Other addenda in the emulsion may include antifoggants, stabilizers, filter dyes, light absorbing or reflecting pigments, vehicle hardeners such as gelatin hardeners, coating aids, dye-forming couplers, and development modifiers such as development inhibitor releasing couplers, timed development inhibitor releasing couplers, and bleach accelerators. These addenda and methods of their inclusion in emulsion and other photographic layers are well-known in the art and are disclosed in Research Disclosure I and the references cited therein. The emulsion may also include brighteners, such as stilbene brighteners.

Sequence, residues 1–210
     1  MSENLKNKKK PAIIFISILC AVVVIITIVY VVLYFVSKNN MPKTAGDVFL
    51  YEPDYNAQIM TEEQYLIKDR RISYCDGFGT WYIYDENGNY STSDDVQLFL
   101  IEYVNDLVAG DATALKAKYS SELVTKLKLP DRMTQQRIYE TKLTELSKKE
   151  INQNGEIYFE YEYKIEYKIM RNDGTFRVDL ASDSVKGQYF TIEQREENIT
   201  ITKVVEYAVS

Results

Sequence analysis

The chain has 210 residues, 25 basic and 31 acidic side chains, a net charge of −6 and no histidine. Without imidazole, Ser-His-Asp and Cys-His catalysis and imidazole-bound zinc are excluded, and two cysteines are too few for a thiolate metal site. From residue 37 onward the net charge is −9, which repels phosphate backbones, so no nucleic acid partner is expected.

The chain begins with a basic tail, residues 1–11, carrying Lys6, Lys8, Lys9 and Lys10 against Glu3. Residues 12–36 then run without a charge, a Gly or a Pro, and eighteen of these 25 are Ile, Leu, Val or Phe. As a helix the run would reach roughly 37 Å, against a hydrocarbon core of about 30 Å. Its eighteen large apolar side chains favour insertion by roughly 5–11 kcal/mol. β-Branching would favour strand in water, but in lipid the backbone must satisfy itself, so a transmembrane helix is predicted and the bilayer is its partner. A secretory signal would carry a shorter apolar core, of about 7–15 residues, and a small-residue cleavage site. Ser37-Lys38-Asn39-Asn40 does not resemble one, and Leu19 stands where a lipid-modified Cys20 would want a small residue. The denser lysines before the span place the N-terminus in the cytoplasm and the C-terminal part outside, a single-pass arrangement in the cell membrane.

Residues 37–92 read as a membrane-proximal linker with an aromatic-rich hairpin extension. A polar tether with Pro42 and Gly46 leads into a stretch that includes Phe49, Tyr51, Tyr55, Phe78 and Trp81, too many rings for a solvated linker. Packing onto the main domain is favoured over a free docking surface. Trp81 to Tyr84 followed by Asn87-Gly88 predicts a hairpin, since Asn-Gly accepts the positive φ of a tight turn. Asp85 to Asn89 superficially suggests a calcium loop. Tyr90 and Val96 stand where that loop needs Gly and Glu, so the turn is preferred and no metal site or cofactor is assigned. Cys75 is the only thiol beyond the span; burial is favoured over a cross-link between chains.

The emulsion layer containing silver halide sensitized with as described above, can be coated simultaneously or sequentially with other emulsion layers, subbing layers, filter dye layers, interlayers, or overcoat layers, all of which may contain various addenda known to be included in photographic elements. These include antifoggants, oxidized developer scavengers, DIR couplers, antistatic agents, optical brighteners, light-absorbing or light-scattering pigments, and the like. The layers of the photographic element can be coated onto a support using techniques well-known in the art. These techniques include immersion or dip coating, roller coating, reverse roll coating, air knife coating, doctor blade coating, stretch-flow coating, and curtain coating, to name a few. The coated layers of the element may be chill-set or dried, or both. Drying may be accelerated by known techniques such as conduction, convection, radiation heating, or a combination thereof.